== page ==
Our Front-runner: KZR-616

First-in-Class Selective Immunoproteasome Inhibitor

KZR-616 offers a novel approach to harmonizing the immune system via selective immunoproteasome inhibition. Playing a critical role in the body's immune system, the immunoproteasome is abundantly expressed in immune cells and acts as a master regulator of multiple cellular functions. By selectively inhibiting the immunoproteasome, KZR-616 has the potential to affect multiple drivers of immune-mediated diseases.

Learn more about the science behind immunoproteasome inhibition.

A Pipeline in A Drug

With its broad immunomodulatory capabilities, KZR-616 has broad therapeutic potential and is distinctly different from other drugs available to those living with autoimmune diseases . Active in a number animal models of autoimmune diseases and compelling early clinical data , KZR-616 offers a “pipeline in a drug” with the potential to disrupt the treatment paradigm in a wide array of immune-mediated and autoimmune diseases.  

Clinical Trials

The MISSION Phase 1b trial is evaluating the safety, tolerability and early efficacy signals in patients with lupus with and without nephritis. Data gathered to date support the development of KZR-616 as a chronic therapy for a wide range of severe, chronic autoimmune diseases and immune-mediated disorders. Phase 2 clinical trials are currently underway in lupus nephritis and dermatomyositis/polymyositis.

Find out more about our Clinical Trials with KZR-616

Our Therapeutic Potential Goes the Distance

We are leveraging KZR-616’s broad immuno-modulatory potential to initially study severe, chronic autoimmune diseases – including lupus nephritis and idiopathic inflammatory myopathies such as polymyositis and dermatomyositis.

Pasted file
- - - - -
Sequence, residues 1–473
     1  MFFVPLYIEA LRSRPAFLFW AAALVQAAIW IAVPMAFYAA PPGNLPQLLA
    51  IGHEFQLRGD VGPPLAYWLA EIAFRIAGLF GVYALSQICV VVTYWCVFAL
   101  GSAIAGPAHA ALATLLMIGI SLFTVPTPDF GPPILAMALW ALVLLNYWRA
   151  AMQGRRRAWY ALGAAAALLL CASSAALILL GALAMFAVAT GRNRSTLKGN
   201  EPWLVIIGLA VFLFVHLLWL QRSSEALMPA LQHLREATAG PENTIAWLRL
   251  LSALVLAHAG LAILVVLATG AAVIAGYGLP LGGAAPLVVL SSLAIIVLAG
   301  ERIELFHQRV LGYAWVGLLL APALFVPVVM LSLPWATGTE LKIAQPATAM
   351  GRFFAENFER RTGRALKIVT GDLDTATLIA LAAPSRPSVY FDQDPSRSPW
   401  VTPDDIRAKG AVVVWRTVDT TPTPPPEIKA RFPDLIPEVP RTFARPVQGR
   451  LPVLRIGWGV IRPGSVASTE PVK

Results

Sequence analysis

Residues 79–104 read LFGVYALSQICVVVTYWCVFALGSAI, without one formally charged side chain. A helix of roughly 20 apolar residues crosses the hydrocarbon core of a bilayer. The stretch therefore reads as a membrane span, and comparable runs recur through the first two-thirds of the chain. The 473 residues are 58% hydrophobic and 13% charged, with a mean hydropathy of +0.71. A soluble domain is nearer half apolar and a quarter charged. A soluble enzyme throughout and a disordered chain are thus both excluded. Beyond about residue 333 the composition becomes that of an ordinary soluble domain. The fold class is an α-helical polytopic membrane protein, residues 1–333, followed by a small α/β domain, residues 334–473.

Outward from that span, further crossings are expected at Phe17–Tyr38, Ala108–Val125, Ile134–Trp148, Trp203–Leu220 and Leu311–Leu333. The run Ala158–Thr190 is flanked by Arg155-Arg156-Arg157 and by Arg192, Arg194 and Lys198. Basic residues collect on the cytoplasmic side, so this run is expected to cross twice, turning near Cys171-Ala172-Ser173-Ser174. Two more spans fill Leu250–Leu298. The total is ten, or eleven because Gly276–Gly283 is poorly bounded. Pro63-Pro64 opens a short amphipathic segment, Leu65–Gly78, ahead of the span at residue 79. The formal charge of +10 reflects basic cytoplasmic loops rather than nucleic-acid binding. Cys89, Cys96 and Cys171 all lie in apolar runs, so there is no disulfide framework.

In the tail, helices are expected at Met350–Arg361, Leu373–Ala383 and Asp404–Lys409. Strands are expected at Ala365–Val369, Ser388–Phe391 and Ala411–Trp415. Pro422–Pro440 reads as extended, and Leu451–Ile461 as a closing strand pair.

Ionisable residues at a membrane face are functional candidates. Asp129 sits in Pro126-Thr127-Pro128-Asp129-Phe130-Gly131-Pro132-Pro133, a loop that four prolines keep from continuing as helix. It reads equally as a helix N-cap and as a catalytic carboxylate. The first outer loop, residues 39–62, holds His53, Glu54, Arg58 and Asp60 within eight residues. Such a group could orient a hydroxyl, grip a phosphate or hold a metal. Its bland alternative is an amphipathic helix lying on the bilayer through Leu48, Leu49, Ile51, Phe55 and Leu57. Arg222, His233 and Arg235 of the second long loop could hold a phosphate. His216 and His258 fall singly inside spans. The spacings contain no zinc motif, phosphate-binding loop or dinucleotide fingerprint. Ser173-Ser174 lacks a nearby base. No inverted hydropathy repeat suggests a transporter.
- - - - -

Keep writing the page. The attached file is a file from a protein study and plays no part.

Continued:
Lupus Nephritis

Lupus nephritis or, LN, is an inflammation of the kidney that is serious complication of the disease, systemic lupus erythematosus (lupus or SLE). SLE is a chronic, complex and oftentimes disabling autoimmune disorder whereby the body’s own immune system attacks itself. SLE predominantly affects women and is more prevalent in women of color. The Centers for Disease Control and Prevention estimates there are approximately 322,000 people living with SLE in the United States and the Lupus Foundation of America estimates up to 1.5 million people are living with a form of lupus in the U.S.. Approximately half those living with lupus will develop lupus nephritis at some point during their disease. The presence of nephritis dramatically increases mortality risk in lupus patients, and there are currently no FDA-approved therapies for lupus nephritis in the U.S and EU.

Polymyositis/ Dermatomyositis

Dermatomyositis (DM) and polymyositis (PM) are idiopathic inflammatory myopathies, which are serious disorders involving muscle inflammation and weakness. The inflammatory myopathies are disabling autoimmune disorders whereby the body’s own immune system attacks the muscles and cells. There are limited approved treatments for myositis, and according to the Myositis Association, an estimated 70,000 people in the U.S. have these disorders.